VERACRUZ, Mexico – Deep in the cloud forest of Cofre de Perote, Mexico’s eighth-highest peak, dozens of “father trees” are carefully preserved in accord with an approach that combines Finnish ideas of forestry with the traditional beliefs of indigenous Mexicans.
The Cofre de Perote National Park, covering 11,000 hectares (27,160 acres) in the Gulf coast state of Veracruz, has become a prominent example of forest management policies implemented with technical assistance from Finland.
Over nearly three decades, local people have abandoned their former practice of cutting the best trees for sale in favor of preserving the father trees to improve the genome.
“This method of forestry management comes from the idea that sick, crooked, less attractive and weaker trees must be extracted, preserving the seed,” Pedro Ernesto del Castillo Cuba, general manager of the largest ranch in southeastern Mexico, said.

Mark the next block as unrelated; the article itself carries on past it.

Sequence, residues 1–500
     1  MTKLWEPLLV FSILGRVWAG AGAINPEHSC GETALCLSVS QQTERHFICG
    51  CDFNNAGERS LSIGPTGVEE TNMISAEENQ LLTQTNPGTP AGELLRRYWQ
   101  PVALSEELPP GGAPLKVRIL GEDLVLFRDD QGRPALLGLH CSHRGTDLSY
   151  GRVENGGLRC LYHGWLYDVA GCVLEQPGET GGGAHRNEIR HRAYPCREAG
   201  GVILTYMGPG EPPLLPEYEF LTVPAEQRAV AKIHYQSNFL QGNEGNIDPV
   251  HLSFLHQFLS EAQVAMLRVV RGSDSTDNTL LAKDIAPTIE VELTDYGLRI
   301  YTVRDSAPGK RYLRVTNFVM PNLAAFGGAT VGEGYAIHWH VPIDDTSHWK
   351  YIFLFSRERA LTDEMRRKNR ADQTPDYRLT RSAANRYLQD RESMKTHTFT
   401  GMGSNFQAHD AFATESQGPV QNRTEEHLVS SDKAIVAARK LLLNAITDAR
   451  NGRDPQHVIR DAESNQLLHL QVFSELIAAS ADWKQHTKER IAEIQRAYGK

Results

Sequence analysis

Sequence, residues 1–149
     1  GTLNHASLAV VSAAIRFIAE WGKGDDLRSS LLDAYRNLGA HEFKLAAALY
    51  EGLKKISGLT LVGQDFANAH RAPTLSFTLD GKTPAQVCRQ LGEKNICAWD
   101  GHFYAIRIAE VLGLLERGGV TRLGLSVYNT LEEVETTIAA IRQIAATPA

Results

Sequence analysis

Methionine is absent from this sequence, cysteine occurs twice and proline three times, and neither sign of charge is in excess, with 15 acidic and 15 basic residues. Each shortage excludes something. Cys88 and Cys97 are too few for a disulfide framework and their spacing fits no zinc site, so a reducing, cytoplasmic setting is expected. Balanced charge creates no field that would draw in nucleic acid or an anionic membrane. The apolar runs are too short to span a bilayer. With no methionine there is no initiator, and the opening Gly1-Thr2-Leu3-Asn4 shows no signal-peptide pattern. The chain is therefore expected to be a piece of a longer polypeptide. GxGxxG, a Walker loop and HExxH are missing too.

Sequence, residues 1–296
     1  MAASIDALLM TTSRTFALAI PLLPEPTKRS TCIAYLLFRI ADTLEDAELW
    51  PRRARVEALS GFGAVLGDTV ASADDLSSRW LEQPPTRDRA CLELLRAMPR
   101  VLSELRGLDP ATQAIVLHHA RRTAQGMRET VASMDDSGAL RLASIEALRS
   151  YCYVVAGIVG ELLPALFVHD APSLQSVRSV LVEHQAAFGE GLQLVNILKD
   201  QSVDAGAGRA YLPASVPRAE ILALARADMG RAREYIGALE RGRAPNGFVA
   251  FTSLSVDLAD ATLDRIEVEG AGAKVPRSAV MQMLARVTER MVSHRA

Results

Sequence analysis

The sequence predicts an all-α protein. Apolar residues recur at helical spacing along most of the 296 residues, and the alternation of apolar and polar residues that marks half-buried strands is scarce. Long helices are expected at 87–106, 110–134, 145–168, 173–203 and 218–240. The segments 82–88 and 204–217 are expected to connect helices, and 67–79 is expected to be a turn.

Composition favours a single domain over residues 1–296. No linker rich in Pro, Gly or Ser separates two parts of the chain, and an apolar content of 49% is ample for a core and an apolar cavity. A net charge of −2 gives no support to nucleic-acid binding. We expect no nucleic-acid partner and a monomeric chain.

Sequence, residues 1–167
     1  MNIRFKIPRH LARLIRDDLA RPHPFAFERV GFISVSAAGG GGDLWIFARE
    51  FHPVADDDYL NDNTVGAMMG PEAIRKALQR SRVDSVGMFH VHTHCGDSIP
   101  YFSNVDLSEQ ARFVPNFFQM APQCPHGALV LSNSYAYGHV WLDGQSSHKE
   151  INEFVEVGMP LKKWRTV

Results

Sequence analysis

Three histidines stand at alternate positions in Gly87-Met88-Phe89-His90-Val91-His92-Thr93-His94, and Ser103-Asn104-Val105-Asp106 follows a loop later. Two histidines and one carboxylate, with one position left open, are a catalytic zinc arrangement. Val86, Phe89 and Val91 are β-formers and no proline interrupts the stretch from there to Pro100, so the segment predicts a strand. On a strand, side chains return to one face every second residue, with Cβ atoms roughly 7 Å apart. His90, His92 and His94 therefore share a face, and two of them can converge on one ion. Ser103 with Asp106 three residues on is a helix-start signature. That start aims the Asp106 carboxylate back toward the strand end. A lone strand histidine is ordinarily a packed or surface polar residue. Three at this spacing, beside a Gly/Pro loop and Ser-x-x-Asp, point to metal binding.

Bosque del Ciclo Verde, on the Cofre del Perote’s northeastern slope, was one of the first forestry enterprises in Mexico to adopt the Finnish model and is now among the best in terms of productivity.
At the ranch, a species of red pine reaches the diameter for commercial exploitation in 18 years compared with 100 years in other countries with forestry industries.
The new approach has restored nearly 6,000 hectares of trees that had been chopped down for cropland or pasture and boosted incomes for those who make their living from the forest.